Tuesday, May 19, 2009

Two Shield Rules

According to that AD&D rules (and the BECMI and 0D&D rules for that matter if I recall correctly), shields provide a flat +1 bonus to AC (or, -1 if you want to get technical). The only difference between shield sizes is in the size and weight of the thing, and how many attacks per round it can defend against. This is all fine and good, but I find that, in the end, it adds a level of monintoring and book keeping that drag out what would otherwise be an exciting combat: how many attacks has Bob's fighter faced this round?, and do multiple attacks from a single create (a claw/claw/bite say) count as one attack, or three? and so on. In the end, it seems to get in the way of the goal of fast and clear combat rounds and ends up dragging things out.

In that light, I propose the following two possible rules.

Option The First: Ignore the different shield sizes. There's only one shield size and it weighs X number of pounds and provides only a +1 bonus to AC. Period. It's a level of abstraction I'm willing to accept in the quest for simplex resolution even if it does bring up interesting questions about why a shield built by a halfling would be the same weight as one built by an ogre, and why a halfling wielding an ogre's shield would only receive a +1 bonus rather than benefiting from the much larger proportional coverage, but in the spirit of the rule, I can simply ignore those issues and forge on with getting to what's more interesting, the adventuring.

Option The Second: Various sized shields provide various degrees of defense:

*A small shield weighs in at 5 pounds and provides a +1 bonus to AC.
*A medium shield weighs in at 10 pounds and provides a +2 bonus to AC.
*A large/body shield weighs 15 pounds and provides a +3 bonus to AC with no special rules attached to it.

This provides a reason why somebody would carry another sized shield other than weight and eliminates the need for tracking how many attacks have been made against a particular character (or, heaven forbid, which of the 25 goblins each with his own shield has faced one attack, two, three, or four in a given round). It also, as I see it, makes carrying a shield even more desirable and the tradeoff between carrying a two-handed weapon at the cost of a single point of AC a little more interesting: do you carry that two handed sword and go through enemies like a farmer mowing wheat, or do you pick up a long sword and a large shield for that added defense?


Truth be told, I much prefer the second option. It adds just a bit of complication to the rules and strips out at the same time a needlesly complicated bit of ruling that slows things down when they need most to move quickly.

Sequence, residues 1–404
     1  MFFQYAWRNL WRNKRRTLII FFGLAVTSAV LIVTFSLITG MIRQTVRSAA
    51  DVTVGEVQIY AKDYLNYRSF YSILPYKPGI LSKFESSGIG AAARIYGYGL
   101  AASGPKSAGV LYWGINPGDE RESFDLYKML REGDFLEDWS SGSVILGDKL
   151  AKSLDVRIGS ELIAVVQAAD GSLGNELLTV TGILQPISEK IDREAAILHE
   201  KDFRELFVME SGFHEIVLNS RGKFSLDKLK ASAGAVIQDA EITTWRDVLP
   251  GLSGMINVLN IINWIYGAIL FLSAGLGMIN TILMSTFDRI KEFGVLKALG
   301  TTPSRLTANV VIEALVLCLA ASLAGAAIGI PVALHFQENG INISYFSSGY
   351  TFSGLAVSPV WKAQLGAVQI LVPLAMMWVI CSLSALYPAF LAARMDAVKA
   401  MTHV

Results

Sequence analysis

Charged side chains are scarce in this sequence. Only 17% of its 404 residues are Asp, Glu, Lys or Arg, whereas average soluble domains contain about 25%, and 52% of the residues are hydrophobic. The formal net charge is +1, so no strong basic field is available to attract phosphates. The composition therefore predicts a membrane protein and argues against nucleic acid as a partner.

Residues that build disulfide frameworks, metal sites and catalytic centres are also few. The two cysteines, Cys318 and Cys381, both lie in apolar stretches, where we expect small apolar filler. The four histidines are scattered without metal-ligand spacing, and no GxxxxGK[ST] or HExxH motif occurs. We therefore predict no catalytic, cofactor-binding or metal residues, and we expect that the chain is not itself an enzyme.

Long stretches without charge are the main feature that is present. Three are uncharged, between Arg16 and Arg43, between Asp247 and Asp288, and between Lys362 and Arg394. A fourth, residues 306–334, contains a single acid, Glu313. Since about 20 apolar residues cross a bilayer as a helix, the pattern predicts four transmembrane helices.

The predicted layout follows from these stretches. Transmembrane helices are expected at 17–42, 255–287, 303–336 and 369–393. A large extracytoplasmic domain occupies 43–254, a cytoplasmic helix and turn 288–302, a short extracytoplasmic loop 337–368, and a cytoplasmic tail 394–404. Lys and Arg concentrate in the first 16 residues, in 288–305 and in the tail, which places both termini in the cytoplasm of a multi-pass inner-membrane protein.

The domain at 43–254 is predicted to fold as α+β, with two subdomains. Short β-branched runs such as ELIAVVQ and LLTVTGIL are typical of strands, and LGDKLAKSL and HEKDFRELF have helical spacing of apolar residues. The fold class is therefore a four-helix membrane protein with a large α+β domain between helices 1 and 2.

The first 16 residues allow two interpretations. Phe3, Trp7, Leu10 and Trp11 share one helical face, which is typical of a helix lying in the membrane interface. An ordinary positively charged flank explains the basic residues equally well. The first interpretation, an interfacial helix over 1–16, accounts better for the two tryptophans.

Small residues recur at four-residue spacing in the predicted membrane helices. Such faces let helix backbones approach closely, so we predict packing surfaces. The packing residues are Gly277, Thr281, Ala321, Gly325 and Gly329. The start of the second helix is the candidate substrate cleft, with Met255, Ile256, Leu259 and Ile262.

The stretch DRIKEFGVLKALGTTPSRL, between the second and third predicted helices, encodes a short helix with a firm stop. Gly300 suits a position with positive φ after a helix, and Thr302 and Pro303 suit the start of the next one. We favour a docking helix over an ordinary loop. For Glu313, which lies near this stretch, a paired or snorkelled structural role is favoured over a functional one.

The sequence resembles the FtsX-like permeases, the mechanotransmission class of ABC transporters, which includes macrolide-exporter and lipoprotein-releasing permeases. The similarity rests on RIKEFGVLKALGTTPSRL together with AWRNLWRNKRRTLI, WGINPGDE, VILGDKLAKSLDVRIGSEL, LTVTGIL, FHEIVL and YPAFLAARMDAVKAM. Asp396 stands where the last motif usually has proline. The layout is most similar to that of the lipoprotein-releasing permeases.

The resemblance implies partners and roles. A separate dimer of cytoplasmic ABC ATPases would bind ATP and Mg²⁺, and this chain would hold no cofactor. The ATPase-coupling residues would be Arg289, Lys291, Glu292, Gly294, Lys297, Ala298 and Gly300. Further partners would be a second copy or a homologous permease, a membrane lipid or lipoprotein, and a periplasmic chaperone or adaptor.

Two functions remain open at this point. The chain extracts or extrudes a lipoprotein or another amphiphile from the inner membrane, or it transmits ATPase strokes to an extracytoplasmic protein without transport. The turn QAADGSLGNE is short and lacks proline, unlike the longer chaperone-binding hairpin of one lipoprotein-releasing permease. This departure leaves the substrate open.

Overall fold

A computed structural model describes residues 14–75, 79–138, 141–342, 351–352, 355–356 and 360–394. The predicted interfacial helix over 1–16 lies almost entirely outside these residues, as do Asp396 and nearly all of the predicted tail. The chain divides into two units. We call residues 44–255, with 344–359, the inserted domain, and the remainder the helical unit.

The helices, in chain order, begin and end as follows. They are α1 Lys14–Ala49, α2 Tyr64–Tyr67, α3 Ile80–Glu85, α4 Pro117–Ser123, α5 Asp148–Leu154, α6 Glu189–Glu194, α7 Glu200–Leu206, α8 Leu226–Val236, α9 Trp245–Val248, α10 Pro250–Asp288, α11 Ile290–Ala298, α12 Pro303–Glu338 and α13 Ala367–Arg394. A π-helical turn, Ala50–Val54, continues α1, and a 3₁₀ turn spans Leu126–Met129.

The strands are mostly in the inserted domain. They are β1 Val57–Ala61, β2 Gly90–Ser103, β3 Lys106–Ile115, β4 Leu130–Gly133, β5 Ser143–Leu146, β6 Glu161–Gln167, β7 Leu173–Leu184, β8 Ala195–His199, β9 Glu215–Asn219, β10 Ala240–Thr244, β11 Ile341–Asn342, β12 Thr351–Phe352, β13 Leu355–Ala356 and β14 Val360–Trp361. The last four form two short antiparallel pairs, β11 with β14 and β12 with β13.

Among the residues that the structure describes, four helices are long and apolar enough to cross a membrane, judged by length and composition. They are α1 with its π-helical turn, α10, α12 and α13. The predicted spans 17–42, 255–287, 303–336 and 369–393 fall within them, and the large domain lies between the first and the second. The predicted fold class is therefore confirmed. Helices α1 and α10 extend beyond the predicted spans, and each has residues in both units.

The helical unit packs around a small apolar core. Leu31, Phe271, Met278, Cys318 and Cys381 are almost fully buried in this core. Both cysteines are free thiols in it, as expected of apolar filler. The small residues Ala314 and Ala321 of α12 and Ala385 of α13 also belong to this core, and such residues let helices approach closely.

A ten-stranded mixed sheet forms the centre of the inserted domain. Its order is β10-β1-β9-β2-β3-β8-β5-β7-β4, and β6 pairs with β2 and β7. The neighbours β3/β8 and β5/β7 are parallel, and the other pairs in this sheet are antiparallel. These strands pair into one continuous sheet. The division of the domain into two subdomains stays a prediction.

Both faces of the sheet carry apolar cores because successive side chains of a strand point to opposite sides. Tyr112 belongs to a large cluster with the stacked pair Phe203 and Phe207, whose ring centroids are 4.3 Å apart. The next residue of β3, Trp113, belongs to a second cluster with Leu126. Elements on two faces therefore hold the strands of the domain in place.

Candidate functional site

5 comments:

  1. I used to be in favour of different shield sizes imparting different bonuses to armour class, but now not so much. My feeling is that it just ends up that nobody wants to use a small shield. I prefer now the optional rule that larger shields impart a better defence against missile attacks.

    I agree with your other point, though, which is that it is a pain to track how many hits have been warded off with a shield. So, I ignore that element.

    ReplyDelete
  2. The problem then, is, that there's no reason to carry anything other than a buckler. It's the smallest and lightest shield and provides the same benefits as larger, heavier shields without adding in some rule that makes for a difference. Gary saw that and his solution to it was just not the way I would go for reasons stated above.

    Providing added benefit against ranged attacks is a way to go, too.

    ReplyDelete
  3. but in the spirit of the rule, I can simply ignore those issues and forge on with getting to what's more interesting, the adventuring<

    A main reason why I leave out almost all weapons related rules in my AD&D 1st ed. except for damage dice.

    Just like I do for weapons, I sort of make a call on sheild use outside of the ordinary. Just like I might make a broadsword a little easier to use in a tight corridor over a longsword, the same can be figured for shields.

    Sure a buckler is better in terms if being able to crawl or climb with it on your arm, but with a medium to large size shield, you can hunker down behind it like a Spartan if two dozen arrows are coming your way - therefor getting a +2 or even +3 to AC (but only if not attacking). I'd maybe allow a bonus against dragon fire or something if you can crouch down and fit behind your shield.

    There are lots of uses for different sized shields that may or may not come into combat situations. You can use a buckler as a plate to eat that Bulette stew you made out in the woods. You can use your medium round or kite shield to sled down a snowy hill. You can lay your tower shield over yourself at night to keep the rain off.

    Different sized shields may come in handy to plug up a hole, gather rain water, or use in a shield. Players need to think outside the box!

    ReplyDelete
  4. OH yeah, and I guess it needs to be said the same things for a helmet. With no real reason to have one, you gotta think outside the box. You can't be hit on the head by a sap and knocked out by a thief. A brick falling off a building might do less damage. And like the buckler, you can use that sumbitch for a mess kit.

    ReplyDelete
  5. I agree with Brunomac here; once small and large shields are treated more or less the same (with the exception of ranged attacks) they can be further differentiated during play on a more ad hoc basis. I can understand why you would not be encouraged to go along with this line of thinking, mind, but my feeling is that keeping the defined mathematical effects very similar makes for a better balanced game on the whole.

    ReplyDelete